After battling back from a 3-1 deficit in the Stanley Cup Playoffs, the Washington Capitals no-showed against the Pittsburgh Penguins in Game 7 on Wednesday. Not in a Matt Harvey kind of way, but in a we-don’t-really-care-if-we-win-or-lose kind of way.
The Caps lost, 2-0, losing in the second round of the playoffs for the third straight year. The scene in Washington wasn’t pretty.
“That team didn’t show up to do anything tonight at home in front of that crowd, and they got booed off the ice from the most Kool-Aid-drinking fan base maybe in the history of professional ice hockey,” Washington D.C.’s The Fan host Chad Dukes said on CBS Sports Radio’s Ferrall on the Bench. “Never seen anything like it. It’s the first time I can remember it happening.”
Washington fell behind 1-0 midway through the second period and 2-0 early in the third. The Caps’ response? Oh well.
“This team was (getting) destructed either-or after this game, and they still were taking a cat nap out there during the second half of the second period and most of the third period as well,” Dukes said. “If you don’t find your sense of urgency with your own demise, I don’t know where you’re going to find it.”
Indeed, the Caps weren’t just outplayed; they were outworked. They quit. And the fans, who have defended this team endlessly through the years, had enough.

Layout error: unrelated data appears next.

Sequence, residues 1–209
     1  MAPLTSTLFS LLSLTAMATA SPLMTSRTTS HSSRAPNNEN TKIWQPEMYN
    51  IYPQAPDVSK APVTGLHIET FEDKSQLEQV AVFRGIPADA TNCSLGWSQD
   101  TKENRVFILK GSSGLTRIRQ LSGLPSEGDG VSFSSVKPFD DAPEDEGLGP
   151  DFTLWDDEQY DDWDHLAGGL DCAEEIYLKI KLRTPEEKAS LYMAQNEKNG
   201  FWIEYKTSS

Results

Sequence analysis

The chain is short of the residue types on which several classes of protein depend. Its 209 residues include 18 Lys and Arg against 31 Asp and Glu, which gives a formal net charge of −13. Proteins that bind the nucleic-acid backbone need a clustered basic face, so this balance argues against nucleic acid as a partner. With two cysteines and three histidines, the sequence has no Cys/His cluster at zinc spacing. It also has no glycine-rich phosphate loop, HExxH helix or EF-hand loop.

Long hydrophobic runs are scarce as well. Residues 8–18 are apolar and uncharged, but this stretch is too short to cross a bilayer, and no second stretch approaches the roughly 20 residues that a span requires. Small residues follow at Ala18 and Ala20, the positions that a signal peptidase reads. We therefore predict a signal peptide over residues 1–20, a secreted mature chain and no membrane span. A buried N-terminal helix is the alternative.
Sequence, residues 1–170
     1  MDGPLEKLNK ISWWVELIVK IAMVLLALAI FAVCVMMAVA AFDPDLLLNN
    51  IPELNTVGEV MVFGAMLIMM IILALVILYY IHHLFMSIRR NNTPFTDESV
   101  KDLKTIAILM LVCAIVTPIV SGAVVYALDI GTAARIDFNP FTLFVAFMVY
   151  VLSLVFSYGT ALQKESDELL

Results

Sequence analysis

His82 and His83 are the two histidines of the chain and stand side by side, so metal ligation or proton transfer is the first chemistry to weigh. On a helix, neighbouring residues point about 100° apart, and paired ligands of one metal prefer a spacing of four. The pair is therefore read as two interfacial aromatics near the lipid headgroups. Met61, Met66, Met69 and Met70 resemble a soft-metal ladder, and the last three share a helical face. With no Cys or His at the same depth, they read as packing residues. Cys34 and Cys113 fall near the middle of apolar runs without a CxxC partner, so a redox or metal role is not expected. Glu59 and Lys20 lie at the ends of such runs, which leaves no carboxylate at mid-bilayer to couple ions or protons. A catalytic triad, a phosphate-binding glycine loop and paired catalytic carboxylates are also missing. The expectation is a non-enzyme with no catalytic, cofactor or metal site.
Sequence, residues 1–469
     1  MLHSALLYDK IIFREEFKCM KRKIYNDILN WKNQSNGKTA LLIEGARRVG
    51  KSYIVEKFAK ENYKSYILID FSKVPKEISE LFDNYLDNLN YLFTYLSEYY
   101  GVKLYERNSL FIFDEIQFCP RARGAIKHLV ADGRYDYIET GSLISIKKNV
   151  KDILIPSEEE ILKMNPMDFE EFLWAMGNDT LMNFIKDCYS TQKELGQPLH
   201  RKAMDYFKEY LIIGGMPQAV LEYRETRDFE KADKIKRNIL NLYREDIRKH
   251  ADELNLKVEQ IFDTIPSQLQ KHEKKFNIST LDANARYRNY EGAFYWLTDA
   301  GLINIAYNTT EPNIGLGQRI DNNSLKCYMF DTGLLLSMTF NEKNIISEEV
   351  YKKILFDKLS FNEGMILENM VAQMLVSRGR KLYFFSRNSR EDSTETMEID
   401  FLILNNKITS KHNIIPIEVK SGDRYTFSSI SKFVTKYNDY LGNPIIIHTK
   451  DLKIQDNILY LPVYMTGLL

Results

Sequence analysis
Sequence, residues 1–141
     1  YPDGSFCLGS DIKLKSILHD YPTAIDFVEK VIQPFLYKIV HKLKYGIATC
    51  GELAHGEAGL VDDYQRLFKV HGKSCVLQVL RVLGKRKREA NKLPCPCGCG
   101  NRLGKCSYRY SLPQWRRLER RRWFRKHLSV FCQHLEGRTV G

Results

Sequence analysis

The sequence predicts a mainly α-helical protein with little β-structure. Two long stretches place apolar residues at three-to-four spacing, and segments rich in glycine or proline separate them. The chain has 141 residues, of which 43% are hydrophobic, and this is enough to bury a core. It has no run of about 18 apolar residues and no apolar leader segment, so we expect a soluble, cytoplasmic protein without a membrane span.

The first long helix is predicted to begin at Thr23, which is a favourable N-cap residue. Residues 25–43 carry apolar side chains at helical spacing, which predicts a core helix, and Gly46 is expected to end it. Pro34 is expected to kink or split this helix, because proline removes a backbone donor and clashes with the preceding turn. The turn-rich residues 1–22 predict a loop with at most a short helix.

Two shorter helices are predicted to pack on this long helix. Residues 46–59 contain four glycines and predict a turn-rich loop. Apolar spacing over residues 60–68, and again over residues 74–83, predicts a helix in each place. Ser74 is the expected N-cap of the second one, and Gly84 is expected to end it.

“They are hostile,” Dukes said. “They’re ravenous and they’re passionate and they’ve defended this team the entire time and they were rewarded again (with a second-round exit). I think there’s times when it is appropriate to boo. I don’t blame those people if they were pissed off and wanted to shower this team with some displeasure.”
Alex Ovechkin, meanwhile, failed to record a point in three of the last four games of the series, including Games 6 and 7. He also had to shake Sidney Crosby’s hand once again after a season-ending loss.
Dukes believes that Ovechkin has aged terribly in recent years and deserves the lion’s share of the blame for Washington’s postseason flame-outs.
“When did Alex Ovechkin start looking like Kelsey Grammer?” Dukes asked. “That guy has aged (so much over the years). He looks like he’s been in a Greco-Roman wrestling match with a bottle of bourbon for the past (couple of) years. He looks awful. I just don’t know how much it eats him up inside that he hasn’t been able to (advance in the payoffs). There’s guys (consumed by it). He seems to be a different type of cat. It’s certainly not his talent or his ability. I think it’s his wiring. I just feel like his priorities are someplace else. They’ve changed general managers, they’ve changed coaches, they’ve changed players all up and down the board. He is the constant. It’s not fair to blame him for everything, but I’m willing to blame him for 40 percent of everything.”